I just finished putting together the materials for a speech I am giving this evening to a group of estate planners. I was asked to speak about the current issues in healthcare and decided to focus on the issue of affordability, thus titling the speech, The Cost of Caring. I have some wonderful charts ready, highlighting how much more we spend on healthcare in the US compared to other nations. I am ready to talk about the types of healthcare costs and what drives them. Did you know that the rate of increase in hospital prices year over year has been decreasing since 2006? While that may surprise them, I’m sure the fact that on average Americans take 2.2 prescription drugs on a regular basis, nearly double that of other nations in the study won’t be a shock.
So the speech is ready, it is completely on point with what I was asked to do, but I don’t think I am going to use it. Every time I think about the title, my mind takes me to a much different place, one without charts and graphs. Those who are or have been caregivers know that the true costs of caring are not measured in dollar signs. These non-financial costs linger long after the care is provided. After years of caring for my father, my mother upon his passing continued the social isolation that she had become accustomed to as a caregiver. A woman who organized dinner parties, planned outings now preferred to remain alone in her home. Careers are put on hold, homes are mortgaged to pay the bills and vacations become a faint memory for those family members who find themselves caring for an ill parent, child or spouse. The health of the caregiver becomes a secondary priority resulting in higher rates of cardiac disease, lower preventive health efforts, and higher mortality rates than peer groups who are not caregivers (https://www.caregiver.org/caregiver-health).
While it is understandable that individuals thrown into the role of caregiver without the appropriate training due to family circumstances would struggle with the task. But our professional caregivers, physicians, nurses, and other clinical professionals choose the health profession and were well trained in how to function effectively within it. Or were they? Did you know that the profession with the highest rate of stress and burnout is the medical profession? We lose 400 physicians a year to suicide, notably more than the rate in the general population. The stress and burnout associated with the profession begins in medical school and continues throughout the career of the practicing physician. Workloads, administrative burdens, feelings of powerlessness, facing human tragedy on a daily basis and yes the weight of coping when things don’t go as planned are all contributing factors. Depression and burnout are not limited to physicians, nurses’ struggle with ever increasing demands, patients who are not at their best and can often be difficult to manage and the reality of patient loss.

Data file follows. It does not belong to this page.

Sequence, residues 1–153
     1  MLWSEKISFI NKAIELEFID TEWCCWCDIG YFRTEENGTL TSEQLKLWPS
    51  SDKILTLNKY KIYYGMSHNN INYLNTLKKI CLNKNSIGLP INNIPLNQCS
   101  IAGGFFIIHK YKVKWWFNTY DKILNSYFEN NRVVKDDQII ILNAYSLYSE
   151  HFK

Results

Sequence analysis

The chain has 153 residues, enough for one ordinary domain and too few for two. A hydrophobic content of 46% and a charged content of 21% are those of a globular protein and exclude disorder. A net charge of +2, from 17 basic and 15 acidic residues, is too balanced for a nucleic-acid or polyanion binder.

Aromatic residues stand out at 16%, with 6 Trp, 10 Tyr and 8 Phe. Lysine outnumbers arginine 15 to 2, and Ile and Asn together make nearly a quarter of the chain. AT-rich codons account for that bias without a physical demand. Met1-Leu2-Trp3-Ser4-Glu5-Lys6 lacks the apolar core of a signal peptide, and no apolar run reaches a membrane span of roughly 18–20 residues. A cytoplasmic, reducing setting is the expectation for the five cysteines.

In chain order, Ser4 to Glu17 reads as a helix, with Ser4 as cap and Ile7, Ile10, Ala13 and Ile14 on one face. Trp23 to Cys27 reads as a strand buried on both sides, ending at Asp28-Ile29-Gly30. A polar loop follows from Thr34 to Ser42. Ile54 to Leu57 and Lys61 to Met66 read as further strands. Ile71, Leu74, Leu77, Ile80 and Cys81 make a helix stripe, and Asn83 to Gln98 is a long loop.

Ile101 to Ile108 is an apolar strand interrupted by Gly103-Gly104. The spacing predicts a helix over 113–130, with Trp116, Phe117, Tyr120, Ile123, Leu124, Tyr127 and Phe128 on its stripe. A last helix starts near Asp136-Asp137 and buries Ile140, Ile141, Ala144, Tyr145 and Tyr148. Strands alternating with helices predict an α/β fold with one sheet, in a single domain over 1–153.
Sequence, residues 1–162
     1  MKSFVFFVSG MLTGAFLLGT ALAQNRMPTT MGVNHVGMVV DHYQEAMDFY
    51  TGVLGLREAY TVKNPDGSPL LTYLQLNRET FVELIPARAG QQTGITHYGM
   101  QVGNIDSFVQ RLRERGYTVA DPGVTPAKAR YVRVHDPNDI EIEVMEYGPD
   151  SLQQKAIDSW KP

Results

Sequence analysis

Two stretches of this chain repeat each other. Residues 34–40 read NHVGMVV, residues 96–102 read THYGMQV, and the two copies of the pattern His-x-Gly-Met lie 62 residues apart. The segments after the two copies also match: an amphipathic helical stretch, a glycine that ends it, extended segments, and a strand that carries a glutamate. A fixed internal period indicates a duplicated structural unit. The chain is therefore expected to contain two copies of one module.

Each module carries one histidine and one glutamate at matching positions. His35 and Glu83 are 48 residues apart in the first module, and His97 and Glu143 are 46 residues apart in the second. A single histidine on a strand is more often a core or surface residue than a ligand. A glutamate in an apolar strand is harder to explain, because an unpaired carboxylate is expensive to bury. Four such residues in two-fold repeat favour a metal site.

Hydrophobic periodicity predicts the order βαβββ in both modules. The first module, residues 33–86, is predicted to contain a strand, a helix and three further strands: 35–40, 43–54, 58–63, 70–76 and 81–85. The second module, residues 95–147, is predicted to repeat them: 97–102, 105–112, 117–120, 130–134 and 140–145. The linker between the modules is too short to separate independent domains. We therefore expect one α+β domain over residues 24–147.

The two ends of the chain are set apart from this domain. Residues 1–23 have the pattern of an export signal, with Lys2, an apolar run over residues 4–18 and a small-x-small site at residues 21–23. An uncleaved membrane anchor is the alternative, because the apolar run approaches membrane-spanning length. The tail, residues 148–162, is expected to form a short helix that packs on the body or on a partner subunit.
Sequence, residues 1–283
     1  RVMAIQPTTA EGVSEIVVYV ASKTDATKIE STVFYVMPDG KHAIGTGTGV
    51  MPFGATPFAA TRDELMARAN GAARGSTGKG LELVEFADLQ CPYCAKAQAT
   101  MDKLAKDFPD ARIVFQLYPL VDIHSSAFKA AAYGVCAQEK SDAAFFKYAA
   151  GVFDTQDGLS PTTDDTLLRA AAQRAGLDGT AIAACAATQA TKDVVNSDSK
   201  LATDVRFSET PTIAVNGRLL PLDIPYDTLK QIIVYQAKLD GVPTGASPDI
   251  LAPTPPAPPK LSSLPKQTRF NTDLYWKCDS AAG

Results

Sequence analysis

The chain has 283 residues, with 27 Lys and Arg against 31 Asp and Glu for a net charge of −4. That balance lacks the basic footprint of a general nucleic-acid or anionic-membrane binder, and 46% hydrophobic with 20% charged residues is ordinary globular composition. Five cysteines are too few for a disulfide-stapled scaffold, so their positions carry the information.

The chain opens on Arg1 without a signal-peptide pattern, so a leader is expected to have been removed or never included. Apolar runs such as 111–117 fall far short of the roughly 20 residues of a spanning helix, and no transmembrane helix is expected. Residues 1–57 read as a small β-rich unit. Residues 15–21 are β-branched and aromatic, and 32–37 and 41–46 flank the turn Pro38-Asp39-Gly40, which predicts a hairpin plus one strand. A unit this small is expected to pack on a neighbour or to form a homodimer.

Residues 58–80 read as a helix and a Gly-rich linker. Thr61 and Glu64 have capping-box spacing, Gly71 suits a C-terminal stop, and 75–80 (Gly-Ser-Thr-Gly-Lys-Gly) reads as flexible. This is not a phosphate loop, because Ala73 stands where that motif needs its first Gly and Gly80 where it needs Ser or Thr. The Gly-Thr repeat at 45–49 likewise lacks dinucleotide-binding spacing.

As we struggle as a society and industry to address the affordability question, we often look first to how the payment models impact behavior. Pay the physician per procedure and they will do more procedures. Pay the hospital a single sum for the entire length of stay and they will discharge the patient sooner. Pay the health system a fixed rate per person and they will manage the care to keep the person out of the high cost settings. Add quality metrics to the payment formulas to assure “value”. Never in my experience have questions such as how do these payment models impact the individual provider from a psychological perspective been asked. Will the drive to reduce the hospital length of stay increase the pressure on the bedside nurse? Is the incentive for a primary care physician to see more patients per hour causing them to feel rushed and inadequate in their care delivery? Are the IT systems implemented to enhance quality actually adding extra burden to the caregiver, further reducing their ability to care for the patient as they would deem appropriate?
While the reality of our need to address the costs of healthcare in our society likely require the type of changes that will negatively impact our individual providers’ emotional wellbeing, that doesn’t give us the license to ignore those consequences.
The conclusion of my speech to the estate planners will focus on the fact that while the US spends more than other developed nations on healthcare, it woefully underspends those same countries on social care. The question that I hope they will ponder as they leave is not whether we are spending too much, but are we spending it in the right way?
Those of us working within this complex health system need to ask ourselves the same questions, are we spending our limited resources in the right way? Our clinicians are carrying a heavy burden and we must prioritize the resources to support them. No easy solutions exist although some leading organizations, such as the Mayo Clinic Center for Physician Well Being, are studying the issue to identify effective interventions. In August of 2016, the UNC School of Medicine officially adopted the Quadruple Aim, adding improving provider work life, to the well-recognized Institute of Healthcare Improvement’s Triple Aim (http://news.unchealthcare.org/som-vital-signs/2016/aug-4/unc-school-of-medicine-officially-adopts-quadruple-aim).
At the very least, we can start by acknowledging that clinician burnout is a serious issue and that it is happening within our own organizations. We can begin by providing our staff with a safe environment to come forward for help.
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I'm busy working on my blog posts. Watch this space!